Monday, December 7, 2009

PASTAZA November 09: what we did

In response to the alarming situation in the Pastaza region, we conducted our ¡Soy Capaz! campaign of HIV-prevention alongside Amazon Promise' regular clinics.

>>>We reached over 1000 people with our public lectures and educational HIV workshops. Our lectures and private sessions were interpreted from Spanish to Quechua and Achuar in places where such services were needed.Upon demand, we handed out 2 700 free condoms and administered HIV tests upon request. More that 200 individuals were counseled on HIV, STIs and family planning.<<<

Insufficient –or plainly nonexistent—awareness of the dangers of the HIV and other ST infections in the Achuar, Quechua and the mixed Meztizo communities lays the ground for an HIV epidemic outbreak on the river Pastaza. In no place we have visited is there a reliable source of HIV-prevention education, and no condoms are available in the region (with the exception of Andoas where a purchase is possible at high cost). We have informed the Regional Ministry of Health of the situation.

In addition, we also visited the Secondary School in Andoas where we continued our workshop we had begun the year before. Our new video produced by AP and Lazos de Vida generated a discusssion of such topics as self-respect and responsible sexual behavior. In the school, we also continued orientating the teachers and extended our collaboration on HIV-prevention exercises. The teachers received from us a concise guide for an STI-prevention workshop to be conducted in our absence.
Exilda, our indispensable boat driver and Quechua interpreter.

After Andoas, our first place to visit was the village of Warari; a place beloved by AP for its people: a very traditional Achuar family who has been inviting and friendly to us since the very first expedition in the 1990's. One of the sons, Puanch, has been traveling with us for the last two years, getting trained as a Medical and HIV Promoter. His village is in the midst of the jungle up the Tunigrama creek where trees whisper, and fireflies flicker at night. After clinic, we were offered not only masato, the fermented yucca drink the Achuar women chew up and spit into buckets, but also the beautiful Achuar masato vessels to keep. It took us the whole day to go up river and back. As we were returing, a storm overtook us on the Pastaza river. Everything suddenly turned into water, including our breath. Soaked and freezing, we finally moored back in Andoas. It was worth every penny.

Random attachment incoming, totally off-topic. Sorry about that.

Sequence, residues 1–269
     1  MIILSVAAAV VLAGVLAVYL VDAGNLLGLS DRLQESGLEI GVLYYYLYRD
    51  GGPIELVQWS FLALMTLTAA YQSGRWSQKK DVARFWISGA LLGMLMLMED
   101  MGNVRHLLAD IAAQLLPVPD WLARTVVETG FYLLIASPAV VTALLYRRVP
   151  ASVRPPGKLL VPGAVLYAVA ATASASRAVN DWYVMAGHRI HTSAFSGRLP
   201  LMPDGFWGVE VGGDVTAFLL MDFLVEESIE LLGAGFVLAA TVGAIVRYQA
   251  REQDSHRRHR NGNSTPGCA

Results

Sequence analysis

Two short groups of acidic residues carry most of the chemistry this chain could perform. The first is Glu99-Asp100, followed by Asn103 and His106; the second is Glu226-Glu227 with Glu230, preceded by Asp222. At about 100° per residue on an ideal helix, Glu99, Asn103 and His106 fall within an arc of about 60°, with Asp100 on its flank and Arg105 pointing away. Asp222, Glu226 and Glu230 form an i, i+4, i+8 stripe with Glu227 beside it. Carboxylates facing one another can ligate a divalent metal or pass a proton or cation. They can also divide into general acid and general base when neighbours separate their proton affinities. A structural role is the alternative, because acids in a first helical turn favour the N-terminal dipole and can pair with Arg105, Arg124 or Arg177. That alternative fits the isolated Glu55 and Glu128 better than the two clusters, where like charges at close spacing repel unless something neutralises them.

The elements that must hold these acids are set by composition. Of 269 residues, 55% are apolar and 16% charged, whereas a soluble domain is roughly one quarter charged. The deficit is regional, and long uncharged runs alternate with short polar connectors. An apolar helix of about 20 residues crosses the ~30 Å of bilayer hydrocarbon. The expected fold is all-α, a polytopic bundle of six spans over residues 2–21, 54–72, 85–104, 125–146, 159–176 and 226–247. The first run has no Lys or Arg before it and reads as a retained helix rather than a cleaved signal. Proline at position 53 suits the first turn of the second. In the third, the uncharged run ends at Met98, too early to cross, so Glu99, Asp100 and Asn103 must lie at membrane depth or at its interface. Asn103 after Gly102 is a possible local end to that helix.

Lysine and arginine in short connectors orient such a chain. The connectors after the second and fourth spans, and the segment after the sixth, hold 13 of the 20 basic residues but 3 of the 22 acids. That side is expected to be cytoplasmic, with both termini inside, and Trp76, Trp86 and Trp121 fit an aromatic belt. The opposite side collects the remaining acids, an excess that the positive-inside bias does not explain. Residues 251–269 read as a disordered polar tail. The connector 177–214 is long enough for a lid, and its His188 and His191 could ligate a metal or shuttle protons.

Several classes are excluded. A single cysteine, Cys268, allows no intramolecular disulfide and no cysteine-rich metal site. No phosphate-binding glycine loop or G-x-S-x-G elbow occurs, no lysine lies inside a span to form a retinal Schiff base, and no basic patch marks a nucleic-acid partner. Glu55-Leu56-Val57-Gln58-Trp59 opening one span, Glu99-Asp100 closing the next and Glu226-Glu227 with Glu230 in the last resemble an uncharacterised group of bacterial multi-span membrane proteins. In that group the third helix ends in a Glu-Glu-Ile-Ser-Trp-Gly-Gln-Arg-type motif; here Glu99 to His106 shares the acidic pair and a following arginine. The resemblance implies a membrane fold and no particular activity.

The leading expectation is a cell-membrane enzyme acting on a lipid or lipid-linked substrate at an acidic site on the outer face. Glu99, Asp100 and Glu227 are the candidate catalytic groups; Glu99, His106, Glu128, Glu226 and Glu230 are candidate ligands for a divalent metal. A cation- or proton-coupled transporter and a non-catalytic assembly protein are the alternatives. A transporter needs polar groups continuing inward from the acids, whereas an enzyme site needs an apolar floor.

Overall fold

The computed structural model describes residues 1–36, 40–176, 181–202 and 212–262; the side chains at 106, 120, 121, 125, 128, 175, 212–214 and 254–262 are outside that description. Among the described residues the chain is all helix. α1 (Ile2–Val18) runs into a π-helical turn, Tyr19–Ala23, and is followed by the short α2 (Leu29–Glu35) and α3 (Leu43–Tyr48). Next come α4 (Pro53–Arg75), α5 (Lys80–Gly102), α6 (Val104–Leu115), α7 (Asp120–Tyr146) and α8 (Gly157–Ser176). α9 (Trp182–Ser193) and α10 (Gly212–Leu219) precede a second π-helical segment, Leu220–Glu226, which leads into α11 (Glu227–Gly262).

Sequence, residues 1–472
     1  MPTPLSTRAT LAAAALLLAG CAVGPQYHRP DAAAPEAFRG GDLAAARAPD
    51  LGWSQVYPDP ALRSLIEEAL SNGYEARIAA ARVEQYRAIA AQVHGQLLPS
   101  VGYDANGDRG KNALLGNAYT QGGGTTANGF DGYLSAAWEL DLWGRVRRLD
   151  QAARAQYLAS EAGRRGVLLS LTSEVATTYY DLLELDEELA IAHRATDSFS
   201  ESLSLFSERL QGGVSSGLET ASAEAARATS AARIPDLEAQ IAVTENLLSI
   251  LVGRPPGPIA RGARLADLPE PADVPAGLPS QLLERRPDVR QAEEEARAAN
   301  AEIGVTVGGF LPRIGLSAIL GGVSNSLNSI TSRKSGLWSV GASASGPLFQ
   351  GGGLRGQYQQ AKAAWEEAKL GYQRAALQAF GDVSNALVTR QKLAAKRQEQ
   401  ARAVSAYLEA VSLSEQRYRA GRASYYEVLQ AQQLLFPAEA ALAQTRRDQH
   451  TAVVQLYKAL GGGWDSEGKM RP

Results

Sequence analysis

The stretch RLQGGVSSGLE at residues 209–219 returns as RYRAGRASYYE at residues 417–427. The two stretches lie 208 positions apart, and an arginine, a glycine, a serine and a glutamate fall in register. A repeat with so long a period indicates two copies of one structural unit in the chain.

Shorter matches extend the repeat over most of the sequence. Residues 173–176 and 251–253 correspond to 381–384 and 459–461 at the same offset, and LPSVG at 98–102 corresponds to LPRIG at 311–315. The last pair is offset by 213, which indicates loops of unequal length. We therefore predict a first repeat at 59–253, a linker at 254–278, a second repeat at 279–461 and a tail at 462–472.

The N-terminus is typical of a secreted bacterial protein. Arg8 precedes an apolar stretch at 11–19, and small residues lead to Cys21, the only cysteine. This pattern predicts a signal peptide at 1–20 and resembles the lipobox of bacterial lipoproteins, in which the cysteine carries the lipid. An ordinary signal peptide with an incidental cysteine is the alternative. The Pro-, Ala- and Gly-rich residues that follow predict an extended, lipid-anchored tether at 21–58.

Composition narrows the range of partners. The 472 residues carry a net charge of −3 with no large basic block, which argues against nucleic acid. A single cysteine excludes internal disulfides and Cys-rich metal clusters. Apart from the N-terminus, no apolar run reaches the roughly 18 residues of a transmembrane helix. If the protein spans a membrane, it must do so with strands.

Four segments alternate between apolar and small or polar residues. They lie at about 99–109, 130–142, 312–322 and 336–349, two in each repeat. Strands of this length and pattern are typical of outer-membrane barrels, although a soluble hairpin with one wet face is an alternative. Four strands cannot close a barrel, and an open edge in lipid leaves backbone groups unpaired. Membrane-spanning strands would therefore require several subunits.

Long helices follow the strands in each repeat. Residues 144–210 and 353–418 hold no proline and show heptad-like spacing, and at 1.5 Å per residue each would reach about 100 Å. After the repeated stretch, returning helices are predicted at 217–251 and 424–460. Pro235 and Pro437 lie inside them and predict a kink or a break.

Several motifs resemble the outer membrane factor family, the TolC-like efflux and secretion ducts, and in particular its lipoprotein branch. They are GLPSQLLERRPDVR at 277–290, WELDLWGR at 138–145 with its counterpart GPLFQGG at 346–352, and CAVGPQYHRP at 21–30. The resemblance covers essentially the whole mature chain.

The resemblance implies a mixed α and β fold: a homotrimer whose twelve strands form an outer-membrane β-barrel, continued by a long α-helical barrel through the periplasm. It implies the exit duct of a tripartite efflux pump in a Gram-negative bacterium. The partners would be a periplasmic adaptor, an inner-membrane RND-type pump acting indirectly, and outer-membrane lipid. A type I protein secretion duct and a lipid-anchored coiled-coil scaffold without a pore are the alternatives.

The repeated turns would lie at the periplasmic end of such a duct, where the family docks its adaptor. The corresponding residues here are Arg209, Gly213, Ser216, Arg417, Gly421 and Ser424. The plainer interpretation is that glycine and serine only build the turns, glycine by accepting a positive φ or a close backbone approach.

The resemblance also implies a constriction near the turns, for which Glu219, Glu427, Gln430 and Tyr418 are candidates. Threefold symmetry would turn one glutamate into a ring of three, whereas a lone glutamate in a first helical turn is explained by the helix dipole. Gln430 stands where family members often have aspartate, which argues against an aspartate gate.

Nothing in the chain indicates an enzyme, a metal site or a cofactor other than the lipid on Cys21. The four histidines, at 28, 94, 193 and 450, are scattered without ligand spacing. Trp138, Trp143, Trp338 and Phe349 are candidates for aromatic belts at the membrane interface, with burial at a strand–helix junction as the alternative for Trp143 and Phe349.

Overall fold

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Patient Stories

Juan: A Patient’s Story

During an Amazon Promise clinic in the village of Jerusalen, we met a desperate, emaciated man who was holding the hand of a four-year-old boy with cutely unkempt hair. Having been sick for some time, Juan had come to the village from Iquitos in the hopes of finding some healing in traditional jungle medicine. He was a very humble man who never looked into anyone’s eyes. His son was the shyest of kids. There was tenderness between them. The AP clinic doctors could not find the source of Juan’s fatigue, but suspected that he was in the end stages of HIV/AIDS infection. We offered to help him get back to Iquitos for HIV testing.

In Iquitos, Juan tested HIV positive and broke down. We counseled him about the free antiretroviral treatment he could receive from one of the hospitals. Still, he was convinced that an HIV diagnosis meant certain death. Juan then revealed he had a wife and another child. In fact, he was not afraid to die, but he was petrified that they too might be infected. At the San Juan Health Center in Iquitos, Juan’s wife and their children tested negative, while Juan’s tests confirmed his HIV infection. Again Juan cried, but this time with relief. Nevertheless, his joy was short-lived: he now perceived himself a burden to his family, and craved death. At that point, he could hardly walk. Together with his wife, we counseled him and finally convinced him to start treatment. His wife was very strong, forgiving and caring. They decided to make it together.

Juan entered the free antiretroviral treatment program at the Hospital Regional. Because he was too ill to work, his wife took on an extra shift at her job to make ends meet.

A year later, while we were visiting the same village, an elderly woman spoke without stopping about how fat her son Juan was getting. Then one day Juan rang the bell at the Amazon Promise house in Iquitos. He walked in with muscled arms and a protruding belly, holding his youngest child in his arms and the boy with unkempt hair by the hand. Juan has a full-time job now. He looks people straight in the eye, and talks with great concern about the growing number of HIV patients he sees in the hospital where he receives his treatment. At the moment, he is training to become a volunteer HIV-prevention counselor. Welcome back to the world, Juan.

(The patient’s name has been changed for the sake of confidentiality)


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